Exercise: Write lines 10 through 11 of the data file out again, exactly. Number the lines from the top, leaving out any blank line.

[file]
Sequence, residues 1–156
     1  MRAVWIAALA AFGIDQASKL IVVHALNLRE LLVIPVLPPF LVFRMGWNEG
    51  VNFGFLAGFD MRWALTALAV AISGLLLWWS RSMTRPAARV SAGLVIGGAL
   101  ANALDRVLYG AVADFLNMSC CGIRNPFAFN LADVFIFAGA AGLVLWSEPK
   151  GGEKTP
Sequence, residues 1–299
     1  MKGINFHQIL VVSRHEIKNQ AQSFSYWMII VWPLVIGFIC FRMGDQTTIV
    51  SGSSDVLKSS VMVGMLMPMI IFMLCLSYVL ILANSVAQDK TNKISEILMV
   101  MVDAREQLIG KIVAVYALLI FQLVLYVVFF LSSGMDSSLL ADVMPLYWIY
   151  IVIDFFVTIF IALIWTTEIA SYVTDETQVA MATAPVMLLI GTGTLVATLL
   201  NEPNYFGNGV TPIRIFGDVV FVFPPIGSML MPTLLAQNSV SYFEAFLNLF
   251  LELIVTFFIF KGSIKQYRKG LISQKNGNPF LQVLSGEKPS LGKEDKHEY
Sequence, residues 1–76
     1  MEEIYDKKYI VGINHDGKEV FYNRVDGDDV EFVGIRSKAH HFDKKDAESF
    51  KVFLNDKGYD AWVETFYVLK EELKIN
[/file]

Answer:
   151  IVIDFFVTIF IALIWTTEIA SYVTDETQVA MATAPVMLLI GTGTLVATLL
   201  NEPNYFGNGV TPIRIFGDVV FVFPPIGSML MPTLLAQNSV SYFEAFLNLF